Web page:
Freelance Platforms: Work and Get Paid

Freelancers contribute to about $1 trillion in the US economy, which is equal to 4.8% in the country’s total GDP, putting the gig economy toe to toe with other major industries. In our previous article, we listed the best freelance platforms where companies can hire freelancers best suited for your companies’ needs:

Most Popular Freelance Platforms

  1. Fiverr – Started off as a service with the simple premise of offering $5 worth of quick jobs, Fiverr has since become an award-winning freelance service marketplace. Read our review of Fiverr for more details.
  2. Upwork – Known as oDesk in its formative years, Upwork is a trailblazer on the freelancing front, essentially offering a platform for freelancers before the remote working boom. Learn about Upwork‘s ecosystem through our review.
  3. Freelancer.com – An excellent domain name kept Freelancer.com top-of-mind for anyone claiming to be a freelancer, and the freelancing and crowdsourcing platform has withstood the test of time and remained one of the pillars of the industry. You can read about Freelancer.com‘s features and offerings here.
  4. Envato Studio – Designers, developers, and creatives often gather on their own freelancing platforms and marketplaces, such as Envato Studio, which we also reviewed as one of our top freelance platforms.
  5. PeoplePerHour – With their core paradigm in their domain name, PeoplePerHour excels in providing freelance experts to clients. PeoplePerHour also nabs one of our top spots for freelance platforms.

Freelance platforms also provide easier payment methods for freelancers. Companies can utilize these websites’ payment support systems for safe and secure transactions. Other than these freelance platforms, there is a wide array of payment methods both employers and freelancers can use. According to Statista’s research, here are the top payment methods preferred by freelancers:

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Main Payment Methods for Freelancers in the US

Main Payment Methods for Freelancers in the US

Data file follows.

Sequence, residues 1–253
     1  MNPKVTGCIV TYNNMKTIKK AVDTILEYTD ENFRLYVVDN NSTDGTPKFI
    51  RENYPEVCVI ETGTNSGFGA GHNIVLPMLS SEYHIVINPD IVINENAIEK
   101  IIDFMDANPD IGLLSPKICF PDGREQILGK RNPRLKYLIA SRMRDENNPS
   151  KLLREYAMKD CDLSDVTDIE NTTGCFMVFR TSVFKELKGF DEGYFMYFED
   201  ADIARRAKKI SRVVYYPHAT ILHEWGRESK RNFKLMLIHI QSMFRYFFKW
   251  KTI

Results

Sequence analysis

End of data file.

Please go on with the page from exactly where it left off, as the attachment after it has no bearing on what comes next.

PayPal: 70

PayPal

Main Payment Methods for Freelancers in the US
Credit/Debit card: 40

Credit/Debit card

Main Payment Methods for Freelancers in the US
Transfer into bank account: 39

Transfer into bank account

Main Payment Methods for Freelancers in the US
Check: 35

Check

Main Payment Methods for Freelancers in the US
Via a freelancer platform: 23

Via a freelancer platform

Main Payment Methods for Freelancers in the US
Other online payment: 15

Other online payment

Main Payment Methods for Freelancers in the US
Venmo: 15

Venmo

Main Payment Methods for Freelancers in the US
Bitcoin or other cryptocurrency: 8

Bitcoin or other cryptocurrency

Main Payment Methods for Freelancers in the US
Other: 5

Other

Main Payment Methods for Freelancers in the US
I don't have this type of client: 3

I don't have this type of client

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PayPal leads the pack with 70% of the respondents saying that they have used the site to receive their payment. This is followed by credit or debit card with 40% and bank transfer at 39%. Surprisingly enough, even though freelance platforms have built-in payment support systems, only 23% of the respondents said that they prefer being paid through these sites[8].

Industries with the Most Freelancers

Freelancing provides a diverse set of activities for people who want to be a remote worker, with the largest type of freelance work being skilled services. Categories like computer programming, writing, and marketing comprise about 45% of freelancers. Other types of freelancing include unskilled services at 30%, like ridesharing and personal tasks, selling goods at 26% and other activities at 29%. According to FlexJobs[9], these are the industries with the most number of freelancers:

  1. Computer and IT
  2. Administrative
  3. Accounting and finance
  4. Customer service
  5. Software development
  6. Medical and health
  7. Project management
  8. Research analyst
  9. Writing
  10. Education and training

Also, a new quarterly series called Upwork 100 released the 100 hottest skills demanded by employers in the current freelance market in the US. This list is updated quarterly and here are the top 10 skills included:

  1. .NET Core
  2. TypeScript
  3. Landing pages
  4. eBooks
  5. Android
  6. Electronic design
  7. Presentation
  8. Sketch
  9. Research
  10. Technical recruiter

According to Adam Ozimek[10], Ph.D., and chief economist at Upwork, the top 100 list is culled from within to rank the top 100 fastest-growing skills based on year-over-year growth rates in freelancer billings for Q3 2019 versus Q3 2018.

Time Commitment for Freelancers

Employment status among freelancers vary. This is evident in the survey conducted by Morning Consult.